The Hermit Project - Part 3

In the previous episode of “The Hermit Project”, Tara installed FreeBSD on a Dell Inspiron Mini 9 and is thinking about becoming a digital hermit. I always wanted to sound like a TV series, LOL.

I immediately loved running the nano editor in a virtual terminal. It was just me and the thoughts I wanted to express. And, despite being over 10 years old and just a 9" screen, the Dell netbook has a fabulous keyboard that I could use for hours. And I didn’t regret the screen size at all. It’s a pity nobody is designing keyboards like that anymore (or perhaps I’m unaware of anyone).

Let me go tangential for a few lines. I was a big fan of the DOS software dBase III Plus when I was a little girl. For the youngest, it was a database software that might be seen as a precursor of Microsoft Access. The databases were stored in DBF files, and their indexes were in NTF files. It was pretty comfortable to have an entire database that could fit a floppy disk (yeah, I’m that old. So what??). That has become my favourite way to create databases and manage data for me and acquaintances… and some “unofficial” jobs.

At first, I used “assist”, the interactive version of dBase III Plus, that guided you in creating database structures, forms and reports. But it also had a powerful programming language to develop customised and standalone programs using their runtime, which I used in a more advanced stage. As a natural next step, although I am fond of systems and telecommunications, I eventually became a Clipper programmer. Clipper was a compiler that used the very same programming language (it was called xBase family), and -after many years- an open-source version named Harbour came out. I always loved the way xBase could handle TUIs and field masks and validations, and I am still searching for that TUI experience.

Why am I sharing this? Because the first thing I do when I try a new operating system or processor family is to test if Harbour and its utilities are compiling on that platform. So I did it with FreeBSD 13.2 32-bit and the Dell Mini 9: here’s a picture of the netbook running the Database Utility (DBU) coming from Clipper.

DBU Utility running on the Dell Mini 9

Anyway, enough of being tangential, let’s go back to our original story. A couple of weeks passed since I installed and used the Mini 9, and it was already mid-December 2023. I decided to spend my Christmas differently and go to Innsbruck. I thought that meine berge (my mountains) and some Tirolean food might provide the comfort I so much needed.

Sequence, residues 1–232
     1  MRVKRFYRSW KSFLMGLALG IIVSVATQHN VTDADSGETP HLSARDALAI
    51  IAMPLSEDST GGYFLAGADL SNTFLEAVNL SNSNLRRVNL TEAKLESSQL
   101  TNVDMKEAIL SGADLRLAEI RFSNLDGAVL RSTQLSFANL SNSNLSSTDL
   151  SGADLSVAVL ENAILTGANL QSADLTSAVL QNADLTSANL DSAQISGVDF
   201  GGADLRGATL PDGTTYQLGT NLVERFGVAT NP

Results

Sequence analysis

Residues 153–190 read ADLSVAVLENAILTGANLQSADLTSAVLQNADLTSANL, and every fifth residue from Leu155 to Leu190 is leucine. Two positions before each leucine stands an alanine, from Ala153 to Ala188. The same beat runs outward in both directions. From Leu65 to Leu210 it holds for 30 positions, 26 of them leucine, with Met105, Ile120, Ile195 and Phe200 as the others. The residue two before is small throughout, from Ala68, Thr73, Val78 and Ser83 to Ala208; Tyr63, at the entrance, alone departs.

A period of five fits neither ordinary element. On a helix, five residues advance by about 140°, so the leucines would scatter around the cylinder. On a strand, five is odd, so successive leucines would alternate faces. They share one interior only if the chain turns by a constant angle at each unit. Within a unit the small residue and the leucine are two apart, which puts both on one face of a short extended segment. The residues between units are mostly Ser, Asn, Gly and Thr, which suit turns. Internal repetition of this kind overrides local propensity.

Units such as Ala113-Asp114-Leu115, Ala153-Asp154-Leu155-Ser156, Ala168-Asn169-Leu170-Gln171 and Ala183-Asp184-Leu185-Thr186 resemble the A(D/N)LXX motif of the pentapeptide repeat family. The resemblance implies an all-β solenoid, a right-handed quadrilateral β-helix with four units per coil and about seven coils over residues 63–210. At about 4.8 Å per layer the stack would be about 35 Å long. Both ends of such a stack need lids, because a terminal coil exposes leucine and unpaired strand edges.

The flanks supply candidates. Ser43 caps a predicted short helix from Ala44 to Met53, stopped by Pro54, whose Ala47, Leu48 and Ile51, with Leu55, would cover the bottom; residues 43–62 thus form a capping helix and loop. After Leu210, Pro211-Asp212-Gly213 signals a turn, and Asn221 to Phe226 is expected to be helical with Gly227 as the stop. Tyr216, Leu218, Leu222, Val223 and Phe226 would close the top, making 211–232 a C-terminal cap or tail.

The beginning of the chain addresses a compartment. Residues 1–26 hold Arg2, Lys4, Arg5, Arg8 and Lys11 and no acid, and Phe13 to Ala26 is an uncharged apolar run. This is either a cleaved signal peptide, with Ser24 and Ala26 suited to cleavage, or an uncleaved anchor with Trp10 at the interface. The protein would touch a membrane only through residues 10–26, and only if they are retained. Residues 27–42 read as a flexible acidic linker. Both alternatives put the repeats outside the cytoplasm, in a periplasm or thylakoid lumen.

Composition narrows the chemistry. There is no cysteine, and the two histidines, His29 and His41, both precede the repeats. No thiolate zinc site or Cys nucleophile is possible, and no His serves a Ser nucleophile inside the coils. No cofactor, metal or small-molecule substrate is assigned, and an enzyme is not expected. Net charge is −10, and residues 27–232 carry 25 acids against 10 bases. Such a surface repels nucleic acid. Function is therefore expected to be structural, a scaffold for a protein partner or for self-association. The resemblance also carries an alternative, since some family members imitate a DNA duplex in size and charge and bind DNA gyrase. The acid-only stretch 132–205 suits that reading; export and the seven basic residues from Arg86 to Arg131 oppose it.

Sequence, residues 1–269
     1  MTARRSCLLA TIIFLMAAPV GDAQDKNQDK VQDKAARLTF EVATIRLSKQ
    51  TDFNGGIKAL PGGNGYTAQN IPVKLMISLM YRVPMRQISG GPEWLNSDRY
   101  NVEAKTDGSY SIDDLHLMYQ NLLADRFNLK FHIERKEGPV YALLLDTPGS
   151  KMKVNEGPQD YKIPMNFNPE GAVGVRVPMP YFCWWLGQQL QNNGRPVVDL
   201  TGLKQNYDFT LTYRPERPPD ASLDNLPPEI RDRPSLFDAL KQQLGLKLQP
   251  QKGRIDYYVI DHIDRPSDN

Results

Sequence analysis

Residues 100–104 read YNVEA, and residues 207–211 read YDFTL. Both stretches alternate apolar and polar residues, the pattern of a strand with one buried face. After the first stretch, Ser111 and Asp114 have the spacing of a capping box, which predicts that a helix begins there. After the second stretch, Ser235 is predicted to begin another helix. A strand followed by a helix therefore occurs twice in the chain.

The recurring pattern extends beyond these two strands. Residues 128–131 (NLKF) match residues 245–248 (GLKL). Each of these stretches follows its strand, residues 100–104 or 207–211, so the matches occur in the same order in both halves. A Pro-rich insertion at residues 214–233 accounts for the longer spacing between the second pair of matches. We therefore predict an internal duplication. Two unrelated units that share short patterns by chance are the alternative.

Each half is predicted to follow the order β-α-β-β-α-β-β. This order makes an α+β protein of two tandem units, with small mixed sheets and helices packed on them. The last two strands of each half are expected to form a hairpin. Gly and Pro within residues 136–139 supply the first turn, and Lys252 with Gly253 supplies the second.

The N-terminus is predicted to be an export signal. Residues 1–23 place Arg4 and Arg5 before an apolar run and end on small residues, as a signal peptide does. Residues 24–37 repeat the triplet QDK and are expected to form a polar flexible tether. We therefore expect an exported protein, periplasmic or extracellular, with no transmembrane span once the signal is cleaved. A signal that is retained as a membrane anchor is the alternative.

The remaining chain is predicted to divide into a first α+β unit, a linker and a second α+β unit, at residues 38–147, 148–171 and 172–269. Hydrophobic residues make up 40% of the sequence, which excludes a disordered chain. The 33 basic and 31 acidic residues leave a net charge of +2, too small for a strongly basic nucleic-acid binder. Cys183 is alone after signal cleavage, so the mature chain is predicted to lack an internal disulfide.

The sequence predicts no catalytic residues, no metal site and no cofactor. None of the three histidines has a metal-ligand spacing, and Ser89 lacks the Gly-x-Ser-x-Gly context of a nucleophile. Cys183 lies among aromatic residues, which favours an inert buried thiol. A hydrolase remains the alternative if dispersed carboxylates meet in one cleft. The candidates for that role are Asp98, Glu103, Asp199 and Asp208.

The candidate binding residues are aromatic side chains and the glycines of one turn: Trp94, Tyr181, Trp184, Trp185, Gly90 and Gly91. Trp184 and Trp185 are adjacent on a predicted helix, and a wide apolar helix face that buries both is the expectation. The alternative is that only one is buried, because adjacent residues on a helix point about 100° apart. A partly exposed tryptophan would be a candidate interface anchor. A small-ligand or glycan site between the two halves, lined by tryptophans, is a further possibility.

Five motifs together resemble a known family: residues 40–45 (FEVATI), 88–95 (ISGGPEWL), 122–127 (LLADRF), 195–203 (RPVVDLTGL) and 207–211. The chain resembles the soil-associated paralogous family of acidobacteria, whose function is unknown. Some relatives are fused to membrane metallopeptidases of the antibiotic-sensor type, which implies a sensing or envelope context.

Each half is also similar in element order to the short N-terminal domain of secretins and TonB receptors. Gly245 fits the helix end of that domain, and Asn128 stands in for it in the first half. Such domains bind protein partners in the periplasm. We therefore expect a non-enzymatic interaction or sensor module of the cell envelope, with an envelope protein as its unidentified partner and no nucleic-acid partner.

I wanted to bring a laptop with me, but I wanted to avoid being tempted to check social media or my mail or being distracted. Yet, I am so paranoid… ahem, conscientious, that I also wanted the possibility of accessing my mail and my systems if I needed to.

The Dell Mini would have been the perfect choice, right? Right?? Yes, but … it comes with two problems. The first, more practical one is the battery: I believe I bought that laptop in 2009, so the battery is dead and useless unless plugged into a power outlet. And no, I’m a total disaster with soldering, so replacing the battery was out of the equation. But more importantly, the laptop contains my journal. As it’s formatted in UFS, I don’t want anybody to potentially access my data by stealing the device. Yes, I could have reinstalled it with Geli, but I didn’t.

A few months before, I bought a Chuwi CoreBook Pro laptop hanging around to experiment with what fits me (I might talk about this in a separate post). Despite being something cheap, I bought it on Amazon for the sake of “I don’t care if I happen to damage it” it turned out to be pretty handy. It’s a 13" ultrabook i3 with 8 GB of RAM, 256GB SSD and an m2 slot that I filled with a 1TB NVME. It comes preinstalled with Windows, but … it’s just there. I installed Linux Mint on the NVME drive and I use it all the times. Now, I have decided to re-partition the built-in SSD and make space for FreeBSD.

Keep in mind that a newbie in FreeBSD, but I think the default installation with Geli wants to wipe the disk, which is not what I wanted to do. So, I opted to install FreeBSD on ZFS and create an encrypted ZFS filesystem for the home directory. I know it’s not the same privacy that Geli can provide, but as long as my journal and home directory are safe, I’m ok with that. It’s somehow a similar level of privacy that Linux provide with eCryptfs on the home directory.

The Chuwi was the perfect fit for both: I boot on FreeBSD when I need to be alone with my thoughts, and I could potentially boot Linux when I want to check emails or other “conventional” work stuff.

Here’s version 1 of “The Hermit Projet”, ready to go to Innsbruck with me for Christmas 2023:

Hermit v1 with the Chuwi laptop

[Part 2] | [Part 4]